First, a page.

The Ballroom Thieves is the trio of Martin Earley (guitar, vocals), Devin Mauch (percussion, vocals) and Calin Peters (vocals, cello). It’s an alternative folk-rock act, technically out of Boston, though all of the members now live in Maine. I know this because I ran up to them at a Thompson’s Point show this summer they were attending and fan-girled them, peppering them with questions and declaring my love for them, all without taking a breath. Now, where was I? Oh yes, they’ll be at Port City Music Hall on Friday night and will have plenty of new music to share, having released a pair of EPs in 2018. First came “Paper Crown” with five gorgeous songs kicked off by “Only Lonely” with Peters on lead vocals. “I’ve been around and up and down this road before/I’ve eaten all the seeds you yearn to give/When I was born, she made a garland of the broken weeks/I’ve always worn it and forever she has lived.” The song shines at its brightest when all three of them are singing together, and you’ve never heard a more perfect howl then the one these three sing together. What’s more, they created a true piece of cinematic art with the song’s video.
“Do Something” is a two and a half minute country-ish tune, again with Peters on lead, and with superb backing vocals from Earley and Mauch. Just when you think the song is going to stay on the front porch swing and watch the fireflies, in come the horns, and Peter’s vocals reach a fever pitch before landing right back on that slowly swaying porch swing. Fire and brimstone, Thieves-style, comes in the form of “Can’t Cheat Death,” a foot-stomping whirling dervish of a tune with Earley and Peters sharing lead vocal duties. “Fistfight” is a love song at its boiling point, spilling over with stormy guitar licks and bass lines and ardent cello. “Paper Crown” ends with “Almost Love.” It earns the title of my favorite track on the EP, as it exemplifies why The Ballroom Thieves is such a great band: lyrics, musicianship and tremendous vocals.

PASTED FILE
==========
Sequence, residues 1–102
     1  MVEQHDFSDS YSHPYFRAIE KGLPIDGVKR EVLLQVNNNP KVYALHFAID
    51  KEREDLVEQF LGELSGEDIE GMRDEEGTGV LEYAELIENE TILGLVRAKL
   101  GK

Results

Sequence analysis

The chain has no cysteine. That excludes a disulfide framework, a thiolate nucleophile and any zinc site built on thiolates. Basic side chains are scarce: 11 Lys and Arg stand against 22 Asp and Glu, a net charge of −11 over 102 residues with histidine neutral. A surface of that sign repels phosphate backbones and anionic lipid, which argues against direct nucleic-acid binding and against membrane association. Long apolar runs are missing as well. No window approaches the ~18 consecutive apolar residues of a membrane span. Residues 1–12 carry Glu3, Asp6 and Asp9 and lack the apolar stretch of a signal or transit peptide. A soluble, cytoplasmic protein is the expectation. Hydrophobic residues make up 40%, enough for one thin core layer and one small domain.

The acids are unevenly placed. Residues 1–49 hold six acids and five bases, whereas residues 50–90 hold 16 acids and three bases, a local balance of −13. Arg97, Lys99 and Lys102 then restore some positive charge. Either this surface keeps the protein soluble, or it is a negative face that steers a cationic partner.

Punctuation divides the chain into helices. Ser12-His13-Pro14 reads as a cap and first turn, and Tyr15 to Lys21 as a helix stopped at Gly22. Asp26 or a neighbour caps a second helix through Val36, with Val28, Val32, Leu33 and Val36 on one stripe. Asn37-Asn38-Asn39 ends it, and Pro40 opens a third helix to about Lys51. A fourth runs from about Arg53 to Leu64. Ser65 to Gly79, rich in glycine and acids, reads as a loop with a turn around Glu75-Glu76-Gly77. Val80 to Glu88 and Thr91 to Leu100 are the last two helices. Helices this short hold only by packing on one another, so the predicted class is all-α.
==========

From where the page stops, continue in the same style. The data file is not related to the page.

The other recent feather in the band’s cap is the three-song “Covers” EP. The songs it tackles are Joe Pug’s “Hymn #101,” Bahamas’ “Lost In the Light” and Frighted Rabbit’s “My Backwards Walk.” While they’re all outstanding, the one that strikes me the most is “My Backwards Walk,” with Mauch on lead vocals. Mauch was deeply impacted by the death of Frightened Rabbit’s singer Scott Hutchinson, who took his own life in May. Here’s some of what he said about it on the band’s Facebook page in October: “I always felt a deep connection with the band’s anthemic melodies, their bold display of true Scottish rock with tender folk tendencies, and most of all, Scott Hutchison’s dedication to writing lyrics that reflected an honest relationship with his struggles with mental health. For the first time I could hear someone through the speakers seemingly speaking directly to me and my own experiences and struggles with depression and anxiety.” The band had recorded the song back in 2017, and its members debated whether or not to release it after Hutchinson’s passing. I’m sure glad they did. Mauch went on to say that them releasing it was not a response to Hutchinson’s death. “Our response is promoting more communication and education surrounding mental health in general. The conversations must continue and we must embrace the members of our communities who are experiencing the struggle in any form. Let’s show compassion and remind each other we are not alone. Let’s promote and fight for more research and education on the topic of mental health and make sure it’s taken as seriously as it deserves in our communities.” Lastly, if there’s one thing I love it’s a new genre name, and “cowboy soul” certainly qualifies. That’s how opener Odetta Hartman describes her sound. I gave a few of her tunes a spin and was intrigued. If you’re going to catch this show, consider yourself nudged to get there in time to catch her set.
8 p.m. Friday. Port City Music Hall, 504 Congress St., Portland, $18 in advance, $22 day of show, $35 preferred seating., 18-plus. portcitymusichall.com